Rewarding Positive Behavior Promotes Reform in Prisoners
We have heard it from childhood: If you do the right thing, you are rewarded. If you do the wrong thing, you are punished. We are further socialized in this thinking when we earn college scholarships for good grades, lower insurance rates for good driving, and higher wages for good work, to name a few examples. We also receive failing grades when we don’t study, get tickets for speeding, and lose jobs for poor performance. 

Most people appreciate positive reinforcement and try to avoid punishments. If we make poor choices, well, we pick ourselves up and work hard for the positive reinforcement again. Few people would argue against this system–reward good behavior with positive things, and deter bad behavior with negative things. 

Prison is a negative thing meant to deter bad behavior. People who end up in prison are here because we did something that the law required to be punished. Prison itself is the punishment, but ought that punishment continue within prison? Shouldn’t prison be used as a place of reform by encouraging good behavior using positive reinforcement and discouraging bad behavior with punishments? Unfortunately, people who come to prison continue to be punished for their crime once they are here, and positive reinforcement is scantily used. 

Take, for example, my friend who received five days’ loss of privilege (LOP) for having a single tomato on his windowsill last summer. This was a very minor infraction that required nothing more than corrective instruction, or if he refused to correct the behavior, something more; however, he received nearly the maximum allowable punishment for the least severe class of misconduct–after going ticket-free for five years. This gross disparity for a minor infraction is a classic example of corrections staff using large “sticks” for correction–it’s an abuse of power. These same staff members also complain or antagonize prisoners when they receive positive reinforcement, such as being allowed to take part in college programs or vocational training, two excellent examples of positive reinforcement for prisoners who have shown they can follow the rules.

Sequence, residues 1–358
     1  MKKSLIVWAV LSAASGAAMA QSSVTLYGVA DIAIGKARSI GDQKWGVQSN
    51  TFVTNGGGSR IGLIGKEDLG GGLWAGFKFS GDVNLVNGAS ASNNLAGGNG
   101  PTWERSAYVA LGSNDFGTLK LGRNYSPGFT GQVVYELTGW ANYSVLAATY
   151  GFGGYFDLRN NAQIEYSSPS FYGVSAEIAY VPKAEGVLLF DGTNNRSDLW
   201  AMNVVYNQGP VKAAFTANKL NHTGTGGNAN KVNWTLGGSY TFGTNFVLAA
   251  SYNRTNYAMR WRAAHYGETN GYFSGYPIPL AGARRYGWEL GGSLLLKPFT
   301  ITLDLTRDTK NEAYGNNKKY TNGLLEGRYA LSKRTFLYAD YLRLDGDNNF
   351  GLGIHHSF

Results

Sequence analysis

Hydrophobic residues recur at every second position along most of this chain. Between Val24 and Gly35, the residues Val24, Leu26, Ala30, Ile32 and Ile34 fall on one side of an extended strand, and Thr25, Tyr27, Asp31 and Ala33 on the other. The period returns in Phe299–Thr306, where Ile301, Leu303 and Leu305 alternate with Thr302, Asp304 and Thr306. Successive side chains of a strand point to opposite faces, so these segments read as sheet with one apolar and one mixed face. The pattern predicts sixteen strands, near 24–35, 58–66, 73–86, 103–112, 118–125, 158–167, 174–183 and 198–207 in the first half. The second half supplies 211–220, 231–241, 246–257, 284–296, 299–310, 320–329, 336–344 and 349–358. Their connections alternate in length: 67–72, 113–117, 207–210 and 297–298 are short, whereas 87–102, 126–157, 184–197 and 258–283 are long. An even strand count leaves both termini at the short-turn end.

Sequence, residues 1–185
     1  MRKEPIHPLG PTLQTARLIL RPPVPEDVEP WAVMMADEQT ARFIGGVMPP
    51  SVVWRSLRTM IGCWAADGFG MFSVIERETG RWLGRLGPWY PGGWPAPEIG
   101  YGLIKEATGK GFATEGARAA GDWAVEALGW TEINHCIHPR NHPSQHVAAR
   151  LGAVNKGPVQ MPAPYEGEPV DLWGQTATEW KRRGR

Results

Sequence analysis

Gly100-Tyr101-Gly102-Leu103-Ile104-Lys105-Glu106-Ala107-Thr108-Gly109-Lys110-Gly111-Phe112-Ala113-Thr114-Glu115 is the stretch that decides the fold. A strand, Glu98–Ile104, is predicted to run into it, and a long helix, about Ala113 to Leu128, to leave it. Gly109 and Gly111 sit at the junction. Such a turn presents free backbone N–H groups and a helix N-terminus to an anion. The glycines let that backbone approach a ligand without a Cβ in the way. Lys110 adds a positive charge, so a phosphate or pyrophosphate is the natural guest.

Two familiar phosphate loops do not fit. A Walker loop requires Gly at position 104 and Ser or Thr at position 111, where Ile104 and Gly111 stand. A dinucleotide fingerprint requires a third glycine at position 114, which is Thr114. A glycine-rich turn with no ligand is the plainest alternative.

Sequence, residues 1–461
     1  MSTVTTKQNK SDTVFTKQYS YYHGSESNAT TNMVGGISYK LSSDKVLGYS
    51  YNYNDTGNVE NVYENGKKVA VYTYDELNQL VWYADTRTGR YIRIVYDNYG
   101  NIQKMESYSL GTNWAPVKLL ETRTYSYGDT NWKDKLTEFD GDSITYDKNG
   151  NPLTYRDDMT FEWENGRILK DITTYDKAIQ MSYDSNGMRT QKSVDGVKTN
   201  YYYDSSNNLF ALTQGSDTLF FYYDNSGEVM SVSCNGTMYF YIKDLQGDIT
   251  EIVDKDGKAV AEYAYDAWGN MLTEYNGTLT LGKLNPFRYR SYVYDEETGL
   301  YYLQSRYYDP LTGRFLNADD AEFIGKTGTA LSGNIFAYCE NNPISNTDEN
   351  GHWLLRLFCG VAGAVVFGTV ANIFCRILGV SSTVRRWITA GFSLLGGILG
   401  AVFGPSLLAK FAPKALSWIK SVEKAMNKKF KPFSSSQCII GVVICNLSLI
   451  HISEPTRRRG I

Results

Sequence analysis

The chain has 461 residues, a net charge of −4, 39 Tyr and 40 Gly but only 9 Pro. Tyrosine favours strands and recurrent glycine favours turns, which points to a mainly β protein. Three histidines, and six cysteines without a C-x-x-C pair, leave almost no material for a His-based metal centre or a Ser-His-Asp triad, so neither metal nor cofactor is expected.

Prison as a punishment for crime ought to be used as a deterrent. But behavior is best changed through the use of positive reinforcement. This includes positive reinforcement within prison–praise, extra privileges, and looser restrictions, for example. The strongest incentive that Michigan’s prisoners had to behave well, was eliminated by referendum when good time was abolished and by legislative action, when disciplinary credits were done away with. 

If prison is to be more than simply punishment, if it is to be a place of rehabilitation as well, Michigan must (re)introduce more positive reinforcements for positive behavior changes. Bringing back PELL grants (even provisionally) is a good start, but Michigan can do more to reduce its corrections budget by bringing back good time and disciplinary credits. Studies have shown that longer prison terms do nothing to lower re-offense rates, and those who show positive changes in their behavior should have that transformation reinforced with reductions in prison sentences. 

Let’s keep deterring crime, but let’s also reinforce positive changes prisoners make to become productive, contributing members of a free society. 

For more information about a current package of bills in the Michigan House of Representatives to reinstate good time credits, contact your state representative and ask about House Bills 5665, 5666, and 5667. You may also search these bills at

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Author: Bryan Noonan
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The opinions expressed within posts and comments are solely those of each author, and are not necessarily those of Women Against Registry. Women Against Registry reserves the right to edit or delete any content submitted.